Detroit Red Wings forward Henrik Zetterberg is this year's recipient of the King Clancy Memorial Trophy, awarded "to the player who best exemplifies leadership on and off the ice and who has made a noteworthy humanitarian contribution to his community."
The Red Wings captain rebounded from an injury-shortened 2013-14 campaign to lead his club in assists (49) and points (66). Zetterberg capped a productive campaign with four points in the final two games of the regular season with a postseason bid on the line, rallying the Red Wings to a berth in the Stanley Cup Playoffs for a franchise-record 24th consecutive season -- the longest active such streak in North American professional sports.
Honored in 2013 with the NHL Foundation Player Award for outstanding charitable and community work, Zetterberg and his wife, Emma, give back to the Metro Detroit community through numerous initiatives as well as international causes in Ethiopia, Guatemala and Nepal. Zetterberg hosts children’s charities, including Metro Detroit area children’s hospitals and mentoring nonprofits, at each Red Wings home game during the regular season in the Zetterberg Foundation Suite. Zetterberg also funds a high school hockey scholarship each year and underwrites the Hockey Weekly High School All-Star Banquet.
As the team spokesman for the Red Wings' annual Smoke Detector Collection since 2006, Zetterberg personally matches all donations. In that time, the program has distributed 20,684 units to benefit low-income and physically-disabled residents who could otherwise not afford or be able to install a smoke detector in their home.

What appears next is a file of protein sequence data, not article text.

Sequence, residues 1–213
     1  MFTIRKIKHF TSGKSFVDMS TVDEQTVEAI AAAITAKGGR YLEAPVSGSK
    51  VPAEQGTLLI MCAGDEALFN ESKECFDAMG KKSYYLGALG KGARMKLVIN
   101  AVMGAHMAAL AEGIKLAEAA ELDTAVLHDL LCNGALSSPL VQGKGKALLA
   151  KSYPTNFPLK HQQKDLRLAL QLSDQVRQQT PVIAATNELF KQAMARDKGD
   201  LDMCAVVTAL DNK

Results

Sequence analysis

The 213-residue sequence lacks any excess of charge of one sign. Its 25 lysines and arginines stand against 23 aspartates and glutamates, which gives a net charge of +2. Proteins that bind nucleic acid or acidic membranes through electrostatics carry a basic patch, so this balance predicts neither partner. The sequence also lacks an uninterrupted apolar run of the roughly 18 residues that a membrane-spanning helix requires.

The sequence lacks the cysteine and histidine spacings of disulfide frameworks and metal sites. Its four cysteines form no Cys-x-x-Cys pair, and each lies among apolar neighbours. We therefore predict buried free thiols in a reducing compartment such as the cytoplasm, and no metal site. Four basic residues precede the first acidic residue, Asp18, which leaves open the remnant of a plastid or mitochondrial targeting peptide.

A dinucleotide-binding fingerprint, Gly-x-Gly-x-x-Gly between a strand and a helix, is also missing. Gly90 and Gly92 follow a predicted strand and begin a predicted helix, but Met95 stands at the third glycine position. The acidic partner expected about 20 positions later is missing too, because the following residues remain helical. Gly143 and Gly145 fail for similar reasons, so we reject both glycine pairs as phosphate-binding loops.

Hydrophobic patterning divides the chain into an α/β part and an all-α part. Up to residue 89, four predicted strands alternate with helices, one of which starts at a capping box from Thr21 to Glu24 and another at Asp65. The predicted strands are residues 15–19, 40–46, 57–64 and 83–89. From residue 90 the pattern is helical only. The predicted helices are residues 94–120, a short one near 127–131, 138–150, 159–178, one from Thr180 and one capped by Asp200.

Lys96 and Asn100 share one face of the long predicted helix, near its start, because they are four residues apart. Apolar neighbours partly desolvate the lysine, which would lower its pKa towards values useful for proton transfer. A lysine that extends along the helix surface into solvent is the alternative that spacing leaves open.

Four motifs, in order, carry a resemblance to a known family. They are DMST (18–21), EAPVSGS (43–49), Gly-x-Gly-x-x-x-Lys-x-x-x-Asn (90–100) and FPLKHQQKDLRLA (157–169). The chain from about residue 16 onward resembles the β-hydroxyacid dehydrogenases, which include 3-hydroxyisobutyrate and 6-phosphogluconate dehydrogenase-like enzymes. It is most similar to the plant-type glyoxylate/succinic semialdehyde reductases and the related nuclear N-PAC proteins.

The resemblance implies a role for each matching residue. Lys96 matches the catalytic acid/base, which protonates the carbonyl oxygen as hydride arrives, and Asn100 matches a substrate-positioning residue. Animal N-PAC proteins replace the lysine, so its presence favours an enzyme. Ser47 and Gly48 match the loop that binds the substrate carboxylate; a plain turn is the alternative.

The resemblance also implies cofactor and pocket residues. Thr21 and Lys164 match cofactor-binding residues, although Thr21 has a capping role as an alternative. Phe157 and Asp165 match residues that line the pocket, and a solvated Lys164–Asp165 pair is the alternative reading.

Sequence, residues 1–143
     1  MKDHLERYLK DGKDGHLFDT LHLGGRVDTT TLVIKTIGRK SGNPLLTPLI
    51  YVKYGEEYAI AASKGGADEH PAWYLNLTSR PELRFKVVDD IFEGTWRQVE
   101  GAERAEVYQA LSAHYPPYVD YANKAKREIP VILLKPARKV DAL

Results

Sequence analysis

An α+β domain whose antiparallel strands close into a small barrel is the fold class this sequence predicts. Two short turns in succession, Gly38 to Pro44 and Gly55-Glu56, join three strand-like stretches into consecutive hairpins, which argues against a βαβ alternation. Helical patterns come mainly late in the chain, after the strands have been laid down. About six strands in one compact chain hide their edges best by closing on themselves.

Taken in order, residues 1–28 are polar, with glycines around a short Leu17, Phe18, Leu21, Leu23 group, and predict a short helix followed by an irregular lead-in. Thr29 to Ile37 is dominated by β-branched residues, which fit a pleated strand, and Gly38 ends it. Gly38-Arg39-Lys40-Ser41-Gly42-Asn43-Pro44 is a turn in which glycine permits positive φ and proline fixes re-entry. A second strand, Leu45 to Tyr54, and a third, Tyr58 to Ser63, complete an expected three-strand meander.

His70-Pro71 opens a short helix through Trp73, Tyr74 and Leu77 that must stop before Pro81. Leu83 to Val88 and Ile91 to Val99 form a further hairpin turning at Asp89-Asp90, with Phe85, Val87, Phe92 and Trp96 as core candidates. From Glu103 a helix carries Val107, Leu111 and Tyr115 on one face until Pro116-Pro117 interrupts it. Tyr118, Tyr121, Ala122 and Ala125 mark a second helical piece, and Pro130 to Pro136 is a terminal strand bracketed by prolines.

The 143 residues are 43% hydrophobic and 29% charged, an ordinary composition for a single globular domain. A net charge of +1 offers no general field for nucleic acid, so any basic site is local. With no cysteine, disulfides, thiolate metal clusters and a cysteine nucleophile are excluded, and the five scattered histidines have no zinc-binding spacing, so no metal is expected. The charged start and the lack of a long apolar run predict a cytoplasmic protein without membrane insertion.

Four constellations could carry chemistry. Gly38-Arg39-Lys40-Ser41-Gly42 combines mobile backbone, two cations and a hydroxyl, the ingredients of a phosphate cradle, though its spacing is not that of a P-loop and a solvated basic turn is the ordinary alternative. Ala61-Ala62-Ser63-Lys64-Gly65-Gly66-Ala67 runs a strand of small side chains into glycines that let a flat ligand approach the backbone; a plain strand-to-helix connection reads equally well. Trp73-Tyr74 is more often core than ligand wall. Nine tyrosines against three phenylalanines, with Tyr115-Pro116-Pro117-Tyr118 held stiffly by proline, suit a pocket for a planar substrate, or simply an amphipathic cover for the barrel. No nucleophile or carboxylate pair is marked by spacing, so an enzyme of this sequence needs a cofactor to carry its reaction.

Zetterberg and his wife built the Chige Primary School in Kemba, Ethiopia, in cooperation with Action Aid Ethiopia. The school consists of four classrooms and gives 225 children in Kemba access to a primary school education. Due to the success of Chige Primary School, the construction of the Belta Telo Middle School began in 2013 and was completed in 2014. The school provides 700 students with a secondary education.
In May 2014, the Zetterberg Foundation broke ground on a Water Project in the village of Kemba. The Water Project, to be completed in December 2015, will supply 3,000 people of the village with clean, drinkable water for life.
He also supports microloan programs in Ethiopia and Guatemala to provide women with the opportunity to start their own businesses and work themselves out of poverty. In addition, the Zetterberg Foundation has financed and built six houses for former debt slaves in Nepal.